After Defence Ministers Meeting, India-China Agree to De-Escalate Tensions

While both countries asserted their positions, the talks concluded with each country stating that the other side had agreed to peacefully “de-escalate” the situation.

New Delhi: While both countries asserted their positions, the talks between Indian and Chinese defence ministers in Russia over the ongoing border tensions in eastern Ladakh concluded with each country stating that the other side had agreed to peacefully “de-escalate” the situation.

The meeting on the sidelines of the Shanghai Cooperation Organisation (SCO) was the highest face-to-face political contact between India and China since the current stand-off began in early May.

The discussions went on for nearly two and half hours in a Moscow hotel between Indian defence minister Rajnath Singh and China’s state councillor and defence minister Wei Fenghe on Friday night.

Thousands of Indian and Chinese troops have been poured into eastern Ladakh in a stand-off which has lasted for over four months, which began with a couple of clashes at Galwan valley and Pangong Tso lake. It triggered into a face-to-face in the hostile heights of eastern Ladakh, where Chinese troops have entered much further beyond the India perception of the Line of Actual Control in multiple points. After a violent face-off in Galwan valley on June 15 that left scores dead, there have been several rounds of discussions between ground commanders to ease the situation, but it is currently stalled.

BSF soldiers stand guard at a checkpoint along a highway leading to Ladakh, June 17, 2020. Photo: Reuters/Danish Ismail

What the statements say

The Indian statement issued on Saturday afternoon stated that Singh had “emphasised that the actions of the Chinese troops including amassing of large number of troops, their aggressive behaviour and attempts to unilaterally alter the status quo were in violation of the bilateral agreements and not in keeping with the understandings reached between the Special Representatives of two sides”.

He also urged the Chinese to work with the Indian Army for “complete disengagement from all friction ares including as well as de-escalation in border areas” and “not make attempts to unilaterally changed status quo”.

The Chinese ministry of defence stated that minister Wei had said that relations between the two sides had been badly affected by the border tensions. He apparently also conveyed that “it was important for the two defence chiefs to have a frank exchange of views on relevant issues face-to-face”.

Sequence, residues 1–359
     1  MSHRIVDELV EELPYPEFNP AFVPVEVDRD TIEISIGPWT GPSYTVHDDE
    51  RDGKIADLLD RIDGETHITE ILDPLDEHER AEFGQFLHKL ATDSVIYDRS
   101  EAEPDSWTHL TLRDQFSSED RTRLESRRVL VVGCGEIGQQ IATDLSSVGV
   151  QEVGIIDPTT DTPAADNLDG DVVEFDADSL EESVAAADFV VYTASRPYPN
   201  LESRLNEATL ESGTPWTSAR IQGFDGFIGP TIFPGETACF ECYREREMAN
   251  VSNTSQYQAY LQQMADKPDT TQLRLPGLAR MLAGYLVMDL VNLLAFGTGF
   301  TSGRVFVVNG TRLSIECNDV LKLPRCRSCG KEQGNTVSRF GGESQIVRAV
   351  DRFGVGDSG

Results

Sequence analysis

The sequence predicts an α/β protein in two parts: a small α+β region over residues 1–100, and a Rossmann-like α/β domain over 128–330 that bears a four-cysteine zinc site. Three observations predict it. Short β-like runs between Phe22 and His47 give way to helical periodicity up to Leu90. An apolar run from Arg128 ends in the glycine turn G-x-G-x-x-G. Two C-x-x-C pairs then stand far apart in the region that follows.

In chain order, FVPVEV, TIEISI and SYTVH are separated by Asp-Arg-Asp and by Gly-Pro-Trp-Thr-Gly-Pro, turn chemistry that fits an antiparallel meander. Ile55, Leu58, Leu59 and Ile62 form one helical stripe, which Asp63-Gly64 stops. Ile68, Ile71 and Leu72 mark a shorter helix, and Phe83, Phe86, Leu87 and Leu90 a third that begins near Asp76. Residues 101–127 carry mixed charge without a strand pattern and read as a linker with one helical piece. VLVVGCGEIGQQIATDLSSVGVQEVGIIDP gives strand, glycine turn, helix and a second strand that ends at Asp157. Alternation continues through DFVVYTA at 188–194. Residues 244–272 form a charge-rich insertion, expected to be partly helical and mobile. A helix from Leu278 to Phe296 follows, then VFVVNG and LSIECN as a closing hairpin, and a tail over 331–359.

The Chinese language statement said that Wei had noted that the “causes and truth of the current tension on the China-India border are clear, and the responsibility is entirely with India”. This line was, however, missing in the English press communique of the Chinese defence ministry.

The Chinese minister told Singh that India should “strengthen management and control of its frontline troops and not make provocations or deliberately hype and spread negative information”.

Singh, however, noted that the Indian troops had always been “very responsible” towards border management.

Both sides asserted that they will protect their own sovereignty and territorial integrity.

The Indian statement claimed that the Chinese interlocutor had agreed that both sides should proceed with the leaders’ consensus on resolving issues through dialogue, follow bilateral pacts, strengthen regulation of frontline troops and not undertake any “provocative action”.

India has recently accused China of taking “provocative action” – a euphemism for trying to cross the Line of Actual Control – on two separate days on Aug 29 and 31, which further spiked the tensions.

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India’s readout of the meeting also claimed that the Chinese minister had said that the two countries “should focus on the overall situation of India-China relations and work together to de-escalate the situation as soon as possible, and maintain peace and tranquillity in the India-China border areas”.

The Chinese statement also mentioned a similar phrase, but put the words in the Indian minister’s mouth. “Singh stressed the importance of a peaceful border relation with China, saying both sides should keep the channels of military and diplomatic dialogue open. He told his Chinese counterpart that India agrees to work toward full disengagement of frontline forces as soon as possible and push the relations between the two countries and armies back on track”.

There also seemed to be a consensus that talks are the only way forward, with China claiming that Singh had underlined that “both sides should keep the channels of military and diplomatic dialogue open”

“The Chinese defence minister suggested that both sides should maintain communication at all levels including between the two ministers,” stated the Indian statement.

The Indian and Chinese foreign ministers are also expected to meet at the SCO council of ministers meeting on September 10.